Title

User Profiles and Personas in the Design and Development of Consumer Health Technologies

Document Type

Article

Publication Date

11-2013

Abstract

Background: “The graying of the globe” has resulted in exponential rise in health care expenses, over-worked health care professionals and a growing patient base suffering from multiple chronic diseases, one of which is diabetes. Consumer health technologies (CHT) are considered important catalysts for empowering health care consumers to take a proactive role in managing their health and related costs. Adoption rate and usability of such devices among the aging is far from being satisfactory. Past studies noted the motivation for adoption by the aging is dependent on the suitability/relevance, perceived usability and anticipated benefits associated with usage of technological innovation. Traditional information technology (IT) development adopts a systematic approach without necessarily using a specific user model that personalizes the system to the aging user groups. The aging patient population has unique needs arising from progressive deterioration in both physiological and psychological abilities. These needs are often ignored in the design, development, trial and adoption of consumer health products resulting in low adoption and usage.

Objectives: The main objective of this research is to investigate the user-centered design (UCD), specifically user profiles and personas, as methodological tools to inform the design and development of CHT devices for an aging population. The adoption of user profile and persona has not received much attention in health care informatics research and, in particular, research involving CHT. Our work begins to fill this void in three ways. We (1) illuminate the process of developing CHT user profiles and personas for a Chinese elder population with a demanding health care needs, i.e., self-management of chronic diabetes, with the hope that the resulting profiles and personas may be used as foundational material for informing the design, development and evaluation of CHT in other similar contexts; (2) call attention to how to further enhance and complement traditional user profile and persona techniques for CHT design by integrating cognitive structures and present behavior that drive health care thinking, future behavior and demand; (3) show how the profiles and personas can be used to inform requirements, design and implementation decisions for a technology aimed at facilitating CHT adoption and diffusion for the elderly.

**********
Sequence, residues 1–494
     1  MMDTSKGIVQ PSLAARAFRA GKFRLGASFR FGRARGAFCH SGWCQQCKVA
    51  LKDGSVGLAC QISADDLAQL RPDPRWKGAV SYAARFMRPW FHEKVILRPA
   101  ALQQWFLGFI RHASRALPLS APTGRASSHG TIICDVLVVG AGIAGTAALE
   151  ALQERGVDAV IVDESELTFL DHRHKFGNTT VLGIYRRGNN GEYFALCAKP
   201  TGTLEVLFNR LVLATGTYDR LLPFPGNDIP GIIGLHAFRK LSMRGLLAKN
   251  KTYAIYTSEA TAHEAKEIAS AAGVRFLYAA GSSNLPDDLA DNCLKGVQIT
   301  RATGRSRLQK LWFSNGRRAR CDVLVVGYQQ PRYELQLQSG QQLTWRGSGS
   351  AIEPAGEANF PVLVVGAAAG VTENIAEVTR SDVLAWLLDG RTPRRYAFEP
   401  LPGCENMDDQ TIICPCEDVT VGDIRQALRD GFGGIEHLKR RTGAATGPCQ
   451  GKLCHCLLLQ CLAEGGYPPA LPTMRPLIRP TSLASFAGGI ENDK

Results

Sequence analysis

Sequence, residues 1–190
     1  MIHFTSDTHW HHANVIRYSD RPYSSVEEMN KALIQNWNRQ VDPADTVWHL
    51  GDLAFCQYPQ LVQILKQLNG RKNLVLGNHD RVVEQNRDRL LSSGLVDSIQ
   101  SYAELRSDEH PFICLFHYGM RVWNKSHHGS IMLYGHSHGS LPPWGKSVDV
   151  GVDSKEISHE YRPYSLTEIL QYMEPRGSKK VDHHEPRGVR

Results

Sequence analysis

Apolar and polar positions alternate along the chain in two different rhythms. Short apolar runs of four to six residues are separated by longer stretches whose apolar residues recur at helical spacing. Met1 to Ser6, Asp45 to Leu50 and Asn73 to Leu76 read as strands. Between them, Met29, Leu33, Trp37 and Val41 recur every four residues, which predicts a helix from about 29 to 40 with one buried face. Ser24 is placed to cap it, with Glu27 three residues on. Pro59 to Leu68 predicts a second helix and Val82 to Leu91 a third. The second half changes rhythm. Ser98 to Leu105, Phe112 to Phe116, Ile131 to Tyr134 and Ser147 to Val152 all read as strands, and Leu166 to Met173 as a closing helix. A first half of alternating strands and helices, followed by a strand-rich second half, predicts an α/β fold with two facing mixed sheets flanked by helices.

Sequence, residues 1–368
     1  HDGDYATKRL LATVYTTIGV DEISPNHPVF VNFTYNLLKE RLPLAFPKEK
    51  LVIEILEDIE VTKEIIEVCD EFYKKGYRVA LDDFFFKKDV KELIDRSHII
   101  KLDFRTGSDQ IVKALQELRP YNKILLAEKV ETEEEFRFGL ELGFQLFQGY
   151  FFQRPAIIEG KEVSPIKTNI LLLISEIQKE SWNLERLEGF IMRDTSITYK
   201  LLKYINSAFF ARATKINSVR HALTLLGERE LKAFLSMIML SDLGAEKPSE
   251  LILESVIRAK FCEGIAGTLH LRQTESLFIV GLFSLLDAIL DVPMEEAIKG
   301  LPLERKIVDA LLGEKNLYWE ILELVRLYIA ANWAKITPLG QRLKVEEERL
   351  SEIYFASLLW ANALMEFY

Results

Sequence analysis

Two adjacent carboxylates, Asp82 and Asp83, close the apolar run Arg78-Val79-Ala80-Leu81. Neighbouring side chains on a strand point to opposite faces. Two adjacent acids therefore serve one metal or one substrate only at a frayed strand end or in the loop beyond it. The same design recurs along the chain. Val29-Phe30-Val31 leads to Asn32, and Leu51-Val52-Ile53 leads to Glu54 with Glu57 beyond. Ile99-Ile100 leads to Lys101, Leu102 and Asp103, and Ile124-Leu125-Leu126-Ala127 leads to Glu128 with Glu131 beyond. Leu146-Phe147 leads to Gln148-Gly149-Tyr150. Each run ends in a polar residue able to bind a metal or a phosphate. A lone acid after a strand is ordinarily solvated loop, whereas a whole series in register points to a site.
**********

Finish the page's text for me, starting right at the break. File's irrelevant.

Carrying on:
Methodology: To exemplify process and application, we use an action-research methodology, where user profiles and personas of an aging patient population were developed. The resultant profiles and personas were leveraged to improve the design, development and implementation plans of a smart phone application to assist chronically ill aging Chinese diabetic population capable of disease self-management.

Results: The results from the study show that user profile and persona can be a valuable methodological approach in capturing the conceptual model of the aging and informing the design and development decisions of CHT. The demonstration of techniques used in this study can serve as a guideline to CHT developers in bringing conceptual user modeling into the design of software interfaces targeted for users with specific health care needs. Specifically, the study provides guidance on the creation and use of profiles and personas to tap into the conceptual models of the targeted elderly population reflecting their preferences, capabilities and attitudes towards using technology in self-management care in general and the smart phone diabetes management application in particular. Insight into the mental model of the aging group has been shown to inform later stages of UCD development (e.g., the creation of prototypes and usability testing) as well as implementation and adoption strategies. The World Health Organization (WHO) predicts that by 2025, 80% of all new cases of diabetes are expected to appear in the developing countries. In fact, the number of diabetic patients in China is estimated to rise to 42.3 million in 2030 from 20.8 million in 2000. Thus, we investigate the Chinese aging population in order to demonstrate the process of developing and using user profile and persona. We hope that the resultant conceptual model of the Chinese aging diabetic population can be used in future research to guide CHT designers interested in designing health care devices for this vulnerable user group.